I stand in a doorway of a modest kindergarten classroom watching 17 children play. There is a charm to their games. Their laughter is like music, innocent and pure. The peace of watching passes after five seconds, when I’m spotted by one of the children. Before long, I find myself smiling at 10 energetic Brazilian children running at me, shouting, “Gracie!” As I kneel down, I am showered with kisses and embraced with hugs. This is my Brazilian welcome.
After my first day of high school, my second day in Brazil, my principal, who is also a Rotarian, asked me if I wanted to volunteer in a kindergarten classroom. My answer; “Yes!” I agreed to volunteer there two afternoons a week. Later that day, I met a kindergarten teacher, Saionara. Saionara spoke some English so she helped me get to know the kids and answer their questions. With each passing day, I learned a little more Portuguese and the more time I spent with “my children,” as I came to call them, the better I could understand them and the more I came to love them.
I’m just three months into my exchange and already I could write pages about the 17 children I’ve spent my afternoons with. I’ve learned their drawing styles, who the best readers are, who loves to dance, who loves to make trouble, who likes to talk the most and who always smiles. I’ve learned how the education of these young children will largely contributes to their later morals and values. Their education today will make them the Brazilians of the future.
Their teacher amazes me. Sionara poses as a loving mother without abandoning her control over the classroom. Her classroom reflects many aspects of Brazilian culture. For example, kissing on the cheek is the customary greeting in Brazil, and one day the class participated in an activity to teach them that. Each child received a card with red lips on it. After the teacher’s signal, they gave the cards to their friends. Whoever got the card also received a loving kiss on the cheek. Since most of the girls had just finished playing with make-up, by the end of the activity some of the boys had faces covered with lipstick smooches and grins from ear-to-ear.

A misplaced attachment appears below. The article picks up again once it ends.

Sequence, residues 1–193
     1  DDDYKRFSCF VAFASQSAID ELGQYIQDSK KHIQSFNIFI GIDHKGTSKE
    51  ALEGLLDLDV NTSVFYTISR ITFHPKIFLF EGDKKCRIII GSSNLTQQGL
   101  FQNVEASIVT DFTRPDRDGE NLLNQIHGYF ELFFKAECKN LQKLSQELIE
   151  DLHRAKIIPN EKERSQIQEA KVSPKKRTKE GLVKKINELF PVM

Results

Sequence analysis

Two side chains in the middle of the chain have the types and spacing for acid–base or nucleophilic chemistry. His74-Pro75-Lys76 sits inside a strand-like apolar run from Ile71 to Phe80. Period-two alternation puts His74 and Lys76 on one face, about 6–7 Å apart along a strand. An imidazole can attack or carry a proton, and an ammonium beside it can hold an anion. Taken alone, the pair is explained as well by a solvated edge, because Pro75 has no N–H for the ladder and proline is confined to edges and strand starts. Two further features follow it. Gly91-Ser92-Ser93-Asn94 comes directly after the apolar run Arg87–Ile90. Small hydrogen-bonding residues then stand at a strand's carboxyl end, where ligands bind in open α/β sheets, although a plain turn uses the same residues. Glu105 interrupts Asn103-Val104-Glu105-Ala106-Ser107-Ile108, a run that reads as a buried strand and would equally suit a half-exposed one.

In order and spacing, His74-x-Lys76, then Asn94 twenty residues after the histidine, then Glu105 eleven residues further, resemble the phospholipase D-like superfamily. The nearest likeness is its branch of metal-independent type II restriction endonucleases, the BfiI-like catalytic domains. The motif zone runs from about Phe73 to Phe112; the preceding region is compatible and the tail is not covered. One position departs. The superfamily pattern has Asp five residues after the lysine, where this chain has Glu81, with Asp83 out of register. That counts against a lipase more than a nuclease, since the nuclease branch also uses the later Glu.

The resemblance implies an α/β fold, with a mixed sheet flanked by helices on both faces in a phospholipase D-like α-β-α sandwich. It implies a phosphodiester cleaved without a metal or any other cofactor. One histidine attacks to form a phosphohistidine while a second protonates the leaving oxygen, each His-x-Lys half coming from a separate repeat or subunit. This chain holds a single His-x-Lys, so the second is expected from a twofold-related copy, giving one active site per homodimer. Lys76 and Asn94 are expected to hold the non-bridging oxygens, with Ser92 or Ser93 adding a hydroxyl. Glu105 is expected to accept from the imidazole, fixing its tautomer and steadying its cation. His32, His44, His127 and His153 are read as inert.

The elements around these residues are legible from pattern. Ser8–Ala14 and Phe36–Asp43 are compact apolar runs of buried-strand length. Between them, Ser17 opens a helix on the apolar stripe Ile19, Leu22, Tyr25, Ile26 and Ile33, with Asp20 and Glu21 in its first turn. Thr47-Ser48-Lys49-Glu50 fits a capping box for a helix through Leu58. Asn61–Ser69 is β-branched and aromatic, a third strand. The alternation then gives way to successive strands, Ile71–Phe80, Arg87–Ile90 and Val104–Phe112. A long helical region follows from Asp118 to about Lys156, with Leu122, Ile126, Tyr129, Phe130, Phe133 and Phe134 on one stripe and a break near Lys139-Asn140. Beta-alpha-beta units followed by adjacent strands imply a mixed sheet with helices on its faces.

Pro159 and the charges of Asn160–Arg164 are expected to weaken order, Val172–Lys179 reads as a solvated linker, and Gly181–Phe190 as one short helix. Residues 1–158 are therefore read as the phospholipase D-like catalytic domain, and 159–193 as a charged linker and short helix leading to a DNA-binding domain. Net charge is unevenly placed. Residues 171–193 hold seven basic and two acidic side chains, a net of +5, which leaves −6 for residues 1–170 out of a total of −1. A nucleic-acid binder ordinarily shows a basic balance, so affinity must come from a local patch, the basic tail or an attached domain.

I am not saying that these Brazilian children are very different from the children I knew in the U.S. In fact, they are startlingly similar. They play the same games: House, cars and dress-up. They face the same problems: Sharing, pushing and calling each other names. They have the same demands: “Push me on the swings,” “help me” and “tie my shoes.” But most importantly, they require the same love.
In the time that I have spent with them, I have taught them many tings: To draw stars, to dance ballet, to sing a song, to write the letters of the alphabet and to count in English. However, these 6-year-olds have taught me something far more important: To love them unconditionally. The soul and spirit that these children share is entirely Brazilian, like nothing I have ever seen before. These children are more than just a classroom, they are a family. And this family of amazing individuals has adopted me. I couldn’t be happier.
Grace Livermore is a Cooperstown Rotary exchange student.